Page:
affordable housing

The argument for ending single-family zoning

By Rayla Bellis An article in the latest issue of the Journal of the American Planning Association makes a case for getting rid of single-family zoning in U.S. cities. The authors, professors at UCLA’s Department of Urban Planning, argue that single-family zoning (often called “R1” zoning)

Transit-oriented development, VMT, and induced gentrification

By Saumya Jain In the last two decades, transit-oriented development (TOD) has become more than just a “jargony buzz phrase” and has caused the housing market to explode near transit hubs. Many cities are focusing their future development plans around transit connectivity, encouraging people

Latinos are being pushed to urban edges, rural areas with few transportation options

By Robbie Webber A study by researchers at UT Health San Antonio details the barriers that Latinos in the U.S. face because of poor access to transportation options. Inadequate transit options, unreliable or spotty schedules, long commutes, and a geographic mismatch between jobs and affordable

The cost and inequity of children’s access to opportunity

By Michael Brenneis Housing and transportation are the two biggest expenses for average households in the United States, and geographic location has a significant impact on these costs. But living in areas with affordable housing and transportation is not enough to assure that children will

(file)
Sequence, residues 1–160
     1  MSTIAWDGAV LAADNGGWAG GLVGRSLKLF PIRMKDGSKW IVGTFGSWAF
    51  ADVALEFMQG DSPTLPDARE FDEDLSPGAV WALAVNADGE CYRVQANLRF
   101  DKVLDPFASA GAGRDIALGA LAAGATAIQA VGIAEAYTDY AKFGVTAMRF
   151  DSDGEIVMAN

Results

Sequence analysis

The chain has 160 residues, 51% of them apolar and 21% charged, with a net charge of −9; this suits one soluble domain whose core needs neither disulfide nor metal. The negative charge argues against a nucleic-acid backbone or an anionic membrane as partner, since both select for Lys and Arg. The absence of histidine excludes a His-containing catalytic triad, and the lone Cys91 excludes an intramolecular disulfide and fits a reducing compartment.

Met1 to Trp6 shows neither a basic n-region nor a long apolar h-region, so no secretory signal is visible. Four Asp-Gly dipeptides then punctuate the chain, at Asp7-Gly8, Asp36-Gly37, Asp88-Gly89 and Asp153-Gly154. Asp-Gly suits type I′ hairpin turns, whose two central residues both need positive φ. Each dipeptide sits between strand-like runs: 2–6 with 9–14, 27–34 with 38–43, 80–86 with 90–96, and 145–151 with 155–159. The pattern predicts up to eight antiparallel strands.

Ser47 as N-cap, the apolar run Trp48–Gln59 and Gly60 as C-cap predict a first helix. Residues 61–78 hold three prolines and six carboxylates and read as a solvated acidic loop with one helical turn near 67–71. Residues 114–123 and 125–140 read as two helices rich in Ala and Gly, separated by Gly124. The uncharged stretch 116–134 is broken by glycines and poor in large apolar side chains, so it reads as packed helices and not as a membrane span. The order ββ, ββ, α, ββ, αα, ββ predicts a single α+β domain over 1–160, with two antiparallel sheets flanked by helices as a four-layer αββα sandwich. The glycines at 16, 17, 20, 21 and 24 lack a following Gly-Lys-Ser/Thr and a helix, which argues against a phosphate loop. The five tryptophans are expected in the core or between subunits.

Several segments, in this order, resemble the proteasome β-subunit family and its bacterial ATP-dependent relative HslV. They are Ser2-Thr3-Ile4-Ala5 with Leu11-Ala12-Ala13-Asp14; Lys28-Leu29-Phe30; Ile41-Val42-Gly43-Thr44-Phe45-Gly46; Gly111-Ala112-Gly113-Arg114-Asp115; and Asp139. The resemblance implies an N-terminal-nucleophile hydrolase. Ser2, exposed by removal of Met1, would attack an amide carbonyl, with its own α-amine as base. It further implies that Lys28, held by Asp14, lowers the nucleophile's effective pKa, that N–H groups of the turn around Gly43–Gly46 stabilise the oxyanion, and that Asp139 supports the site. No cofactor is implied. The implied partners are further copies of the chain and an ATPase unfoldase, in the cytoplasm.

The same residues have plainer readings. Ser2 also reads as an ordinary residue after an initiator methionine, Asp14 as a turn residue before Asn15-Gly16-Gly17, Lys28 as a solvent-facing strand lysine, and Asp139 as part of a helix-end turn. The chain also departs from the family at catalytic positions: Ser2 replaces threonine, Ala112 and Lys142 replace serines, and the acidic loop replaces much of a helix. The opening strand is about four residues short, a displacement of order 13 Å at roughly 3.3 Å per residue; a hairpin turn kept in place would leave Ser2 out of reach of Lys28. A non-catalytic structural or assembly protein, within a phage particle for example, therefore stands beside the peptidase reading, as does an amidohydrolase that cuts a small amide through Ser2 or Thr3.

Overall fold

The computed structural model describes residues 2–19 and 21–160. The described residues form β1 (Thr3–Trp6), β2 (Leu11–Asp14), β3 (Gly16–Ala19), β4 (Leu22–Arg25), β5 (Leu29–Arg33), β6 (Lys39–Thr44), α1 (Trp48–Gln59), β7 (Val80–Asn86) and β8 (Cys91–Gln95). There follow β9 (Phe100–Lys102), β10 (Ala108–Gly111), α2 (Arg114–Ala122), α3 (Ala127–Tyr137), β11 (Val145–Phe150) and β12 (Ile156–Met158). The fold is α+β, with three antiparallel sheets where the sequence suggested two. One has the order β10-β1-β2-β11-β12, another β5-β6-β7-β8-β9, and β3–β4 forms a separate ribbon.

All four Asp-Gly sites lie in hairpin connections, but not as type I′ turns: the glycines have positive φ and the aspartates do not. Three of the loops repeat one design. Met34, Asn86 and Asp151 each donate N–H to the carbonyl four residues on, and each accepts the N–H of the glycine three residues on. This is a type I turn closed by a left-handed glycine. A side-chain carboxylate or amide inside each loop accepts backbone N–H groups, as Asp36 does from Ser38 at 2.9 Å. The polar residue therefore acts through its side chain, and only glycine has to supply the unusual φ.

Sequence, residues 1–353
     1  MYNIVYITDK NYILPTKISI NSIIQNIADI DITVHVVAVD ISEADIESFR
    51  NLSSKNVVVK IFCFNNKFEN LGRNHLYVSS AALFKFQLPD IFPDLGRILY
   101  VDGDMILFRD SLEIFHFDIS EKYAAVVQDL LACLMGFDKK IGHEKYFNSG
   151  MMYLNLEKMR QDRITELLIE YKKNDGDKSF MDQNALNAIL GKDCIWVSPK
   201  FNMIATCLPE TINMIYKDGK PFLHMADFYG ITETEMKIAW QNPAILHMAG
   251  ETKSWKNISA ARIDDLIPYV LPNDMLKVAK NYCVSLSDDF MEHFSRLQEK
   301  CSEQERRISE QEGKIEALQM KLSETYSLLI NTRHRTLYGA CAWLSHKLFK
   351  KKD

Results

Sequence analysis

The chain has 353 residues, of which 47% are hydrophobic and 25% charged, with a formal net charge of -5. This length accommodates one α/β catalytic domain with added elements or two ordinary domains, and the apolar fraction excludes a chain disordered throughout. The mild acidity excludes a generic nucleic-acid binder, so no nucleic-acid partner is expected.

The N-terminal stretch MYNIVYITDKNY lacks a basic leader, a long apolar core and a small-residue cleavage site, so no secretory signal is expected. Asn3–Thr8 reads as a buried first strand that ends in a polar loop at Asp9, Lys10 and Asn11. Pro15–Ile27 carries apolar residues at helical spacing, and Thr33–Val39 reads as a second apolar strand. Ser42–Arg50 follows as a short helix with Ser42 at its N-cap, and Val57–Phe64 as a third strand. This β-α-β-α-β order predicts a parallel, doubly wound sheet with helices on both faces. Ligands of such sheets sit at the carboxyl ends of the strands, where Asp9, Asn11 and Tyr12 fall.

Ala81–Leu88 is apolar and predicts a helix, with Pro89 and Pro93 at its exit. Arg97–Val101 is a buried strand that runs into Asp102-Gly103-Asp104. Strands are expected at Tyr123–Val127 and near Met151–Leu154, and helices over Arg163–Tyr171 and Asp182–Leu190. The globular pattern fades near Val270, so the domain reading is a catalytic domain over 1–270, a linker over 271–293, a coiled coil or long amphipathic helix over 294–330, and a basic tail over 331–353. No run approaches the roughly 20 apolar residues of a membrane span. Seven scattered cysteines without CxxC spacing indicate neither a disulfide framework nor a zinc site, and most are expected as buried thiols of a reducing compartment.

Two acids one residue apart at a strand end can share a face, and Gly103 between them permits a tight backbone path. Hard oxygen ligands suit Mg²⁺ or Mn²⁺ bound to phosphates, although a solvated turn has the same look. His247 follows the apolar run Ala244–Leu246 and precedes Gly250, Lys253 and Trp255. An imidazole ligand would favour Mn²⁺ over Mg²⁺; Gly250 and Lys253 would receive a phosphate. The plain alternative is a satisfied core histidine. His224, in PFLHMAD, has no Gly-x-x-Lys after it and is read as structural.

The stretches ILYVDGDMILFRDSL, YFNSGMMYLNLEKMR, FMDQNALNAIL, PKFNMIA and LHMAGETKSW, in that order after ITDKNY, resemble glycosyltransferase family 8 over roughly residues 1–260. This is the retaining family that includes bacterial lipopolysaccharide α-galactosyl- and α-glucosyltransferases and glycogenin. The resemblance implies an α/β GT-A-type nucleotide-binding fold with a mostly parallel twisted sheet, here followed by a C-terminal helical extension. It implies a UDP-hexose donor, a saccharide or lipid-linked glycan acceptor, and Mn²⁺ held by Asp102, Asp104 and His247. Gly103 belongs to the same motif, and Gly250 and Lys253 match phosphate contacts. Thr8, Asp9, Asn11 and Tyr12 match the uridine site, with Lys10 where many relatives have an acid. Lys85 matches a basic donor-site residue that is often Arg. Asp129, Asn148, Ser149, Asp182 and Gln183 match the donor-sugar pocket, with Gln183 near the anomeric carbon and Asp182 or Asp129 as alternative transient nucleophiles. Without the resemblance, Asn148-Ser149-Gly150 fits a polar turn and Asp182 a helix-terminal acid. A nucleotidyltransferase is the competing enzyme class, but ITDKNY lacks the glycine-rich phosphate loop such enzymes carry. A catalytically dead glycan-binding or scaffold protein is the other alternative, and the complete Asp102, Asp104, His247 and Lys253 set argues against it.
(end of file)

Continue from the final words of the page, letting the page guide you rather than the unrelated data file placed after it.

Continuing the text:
Planners reevaluate parking requirements for affordable housing

By Brian Lutenegger The most recent issue of Planning, the magazine of the American Planning Association, examines how cutting parking requirements can also improve the supply of affordable housing. Minneapolis lowered multifamily parking requirements in some neighborhoods and the market

How Denver and Seattle are working to preserve affordable housing near transit

By Rayla Bellis The Denver and Seattle regions are experiencing a challenge common to a number of cities around the country: despite an influx of transit-oriented development projects, much of that new housing is unaffordable to the people who rely on transit the most. In a recent guest post for

Seattle’s parking reforms

By Rayla Bellis The Seattle City Council passed a number of parking reforms earlier this month to further support the city’s ongoing efforts to become less car-oriented, advance local climate change goals, and reduce housing costs in the city. Seattle is one of many cities to recognize that its

California blocks parking requirements where housing needs aren’t met

By Chris McCahill In an effort to streamline affordable housing development, a new California law (SB-35) will preclude cities from requiring parking on certain projects, beginning January 1. As the New York Times recently reported, zoning ordinances such as parking requirements are central to

700,000 carless renters pay extra 13 percent for unused garage parking

By Chris McCahill A new study finds that garage parking costs the average renter an additional $1,700 per year (17 percent) nationwide. For the average carless renter, the extra cost of unused parking is $621 per year (13 percent). That amounts to $440 million in losses across more than 700,000

Not so affordable HUD homes

By Bill Holloway A recent study by researchers at Florida Atlantic University found that 44 percent of HUD-subsidized households spend at least 15 percent of their income on transportation. In their Housing + Transportation Index the Center for Neighborhood Technology uses 15 percent of area